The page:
HealthDay News – After an acute myocardial infarction (AMI), many younger adults experience sexual difficulties—and women more so than men, according to research published online August 31 in JAMA Cardiology.1

Stacy Tessler Lindau, MD, of the University of Chicago, and colleagues analyzed data on 2802 AMI survivors in the United States and Spain. The patients were aged 18 to 55 years, half of whom were over 49 years old. Two-thirds were women.

Among those who were sexually active prior to their AMI, 63.9% of men and 54.5% of women resumed having sex within one month. After one year, 94% of men and 91% of women who were sexually active before their heart attack had resumed sexual activity. Many patients reported sexual function problems during the first year of follow-up, with women encountering the most issues.


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After one year, 2 out of 5 women (39.6%) reported lack of interest, while 22.3% had lubrication problems. More than 20% of men experienced erectile difficulties (21.7%), and nearly one in 5 males (18.8%) reported lack of interest.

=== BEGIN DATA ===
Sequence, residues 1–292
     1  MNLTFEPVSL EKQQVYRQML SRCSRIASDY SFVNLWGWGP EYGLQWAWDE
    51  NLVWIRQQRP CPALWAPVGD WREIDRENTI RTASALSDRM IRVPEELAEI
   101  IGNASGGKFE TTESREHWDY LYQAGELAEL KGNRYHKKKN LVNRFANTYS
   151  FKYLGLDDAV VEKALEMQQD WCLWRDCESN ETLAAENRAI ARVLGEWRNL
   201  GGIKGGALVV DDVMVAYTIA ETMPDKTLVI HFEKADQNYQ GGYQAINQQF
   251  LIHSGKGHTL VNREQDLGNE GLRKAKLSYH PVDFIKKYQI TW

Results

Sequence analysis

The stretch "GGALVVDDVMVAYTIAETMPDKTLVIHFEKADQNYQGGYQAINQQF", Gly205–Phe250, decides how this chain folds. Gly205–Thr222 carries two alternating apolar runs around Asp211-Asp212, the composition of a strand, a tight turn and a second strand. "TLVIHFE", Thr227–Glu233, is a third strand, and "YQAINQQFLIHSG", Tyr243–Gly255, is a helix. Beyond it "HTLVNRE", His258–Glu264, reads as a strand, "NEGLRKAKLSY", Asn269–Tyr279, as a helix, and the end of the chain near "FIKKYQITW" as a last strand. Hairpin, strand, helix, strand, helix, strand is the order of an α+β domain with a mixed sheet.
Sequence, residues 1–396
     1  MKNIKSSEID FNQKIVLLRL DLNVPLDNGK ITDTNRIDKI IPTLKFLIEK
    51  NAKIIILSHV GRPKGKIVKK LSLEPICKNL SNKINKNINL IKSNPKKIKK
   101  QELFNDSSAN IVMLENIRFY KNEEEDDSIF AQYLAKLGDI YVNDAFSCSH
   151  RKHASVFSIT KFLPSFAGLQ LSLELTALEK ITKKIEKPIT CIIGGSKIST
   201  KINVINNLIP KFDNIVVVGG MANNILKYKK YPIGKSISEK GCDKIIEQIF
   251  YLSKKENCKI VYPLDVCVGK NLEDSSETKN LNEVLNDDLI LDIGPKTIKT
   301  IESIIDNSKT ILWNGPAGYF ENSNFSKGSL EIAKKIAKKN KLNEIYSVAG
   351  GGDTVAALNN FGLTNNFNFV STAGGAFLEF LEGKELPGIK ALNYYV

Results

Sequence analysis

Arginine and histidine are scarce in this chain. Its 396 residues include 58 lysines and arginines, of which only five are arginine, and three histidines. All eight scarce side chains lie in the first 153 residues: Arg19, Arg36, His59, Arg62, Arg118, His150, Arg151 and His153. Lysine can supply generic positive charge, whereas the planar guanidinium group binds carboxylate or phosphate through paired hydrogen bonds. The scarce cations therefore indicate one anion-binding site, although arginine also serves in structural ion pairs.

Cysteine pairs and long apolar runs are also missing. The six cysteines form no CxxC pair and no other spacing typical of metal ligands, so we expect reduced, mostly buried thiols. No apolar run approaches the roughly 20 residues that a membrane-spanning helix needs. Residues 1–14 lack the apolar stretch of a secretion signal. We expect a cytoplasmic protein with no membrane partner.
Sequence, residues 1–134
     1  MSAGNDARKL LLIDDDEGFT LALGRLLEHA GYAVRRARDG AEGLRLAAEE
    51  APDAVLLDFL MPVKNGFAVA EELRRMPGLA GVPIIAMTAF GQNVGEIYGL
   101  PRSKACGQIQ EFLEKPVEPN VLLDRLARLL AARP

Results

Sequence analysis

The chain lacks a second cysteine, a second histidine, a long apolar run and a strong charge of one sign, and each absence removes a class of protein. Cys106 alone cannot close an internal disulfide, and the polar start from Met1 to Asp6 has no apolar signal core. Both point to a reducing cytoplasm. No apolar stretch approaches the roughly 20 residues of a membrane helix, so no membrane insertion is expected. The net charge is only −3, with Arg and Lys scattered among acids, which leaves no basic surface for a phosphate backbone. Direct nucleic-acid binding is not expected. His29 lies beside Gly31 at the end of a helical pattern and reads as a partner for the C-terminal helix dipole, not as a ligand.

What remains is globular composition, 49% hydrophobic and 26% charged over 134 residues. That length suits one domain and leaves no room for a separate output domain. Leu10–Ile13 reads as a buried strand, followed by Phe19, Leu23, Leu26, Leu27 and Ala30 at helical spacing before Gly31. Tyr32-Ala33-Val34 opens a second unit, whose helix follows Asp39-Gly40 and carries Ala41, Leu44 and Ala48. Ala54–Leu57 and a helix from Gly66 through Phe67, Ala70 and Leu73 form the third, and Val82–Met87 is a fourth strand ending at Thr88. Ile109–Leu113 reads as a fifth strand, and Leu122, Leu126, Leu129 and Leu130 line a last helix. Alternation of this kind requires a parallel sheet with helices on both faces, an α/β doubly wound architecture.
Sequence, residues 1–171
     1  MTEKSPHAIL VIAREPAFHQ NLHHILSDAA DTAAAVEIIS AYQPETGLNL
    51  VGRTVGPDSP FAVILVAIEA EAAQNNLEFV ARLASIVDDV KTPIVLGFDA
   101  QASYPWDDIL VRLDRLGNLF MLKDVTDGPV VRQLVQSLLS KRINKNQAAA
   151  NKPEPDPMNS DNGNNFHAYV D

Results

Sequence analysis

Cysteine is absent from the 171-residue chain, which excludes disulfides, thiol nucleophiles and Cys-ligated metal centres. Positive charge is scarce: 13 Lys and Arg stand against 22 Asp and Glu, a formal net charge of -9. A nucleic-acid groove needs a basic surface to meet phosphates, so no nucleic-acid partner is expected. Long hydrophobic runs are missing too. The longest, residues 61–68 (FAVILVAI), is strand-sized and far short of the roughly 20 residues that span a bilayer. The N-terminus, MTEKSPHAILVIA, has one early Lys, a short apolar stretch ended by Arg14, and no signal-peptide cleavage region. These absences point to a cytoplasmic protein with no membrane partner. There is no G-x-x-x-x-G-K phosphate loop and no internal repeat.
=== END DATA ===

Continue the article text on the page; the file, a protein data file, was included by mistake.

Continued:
“Those who experience sexual difficulties can often feel distanced from those around them, a kind of distance that is felt as shame and loneliness,” wrote the author of an accompanying editorial.2 “When a physician creates an environment in which sexual problems can be acknowledged, normalized, and managed, that physician is helping to maintain or strengthen the couple’s relationship and stave off debilitating shame.”

References

  1. Lindau ST, Abramsohn E, Beuno H, et al. Sexual activity and function in the year after an acute myocardial infarction among younger women and men in the United States and Spain. JAMA Cardiol. 2016. doi:10.10001/jamacardio.2016.2362.
  2. Weinfurt KP. The need to improve care and research on sexual function in cardiology. JAMA Cardiol. 2016. doi:10.1001/jamacardio.2016.2436,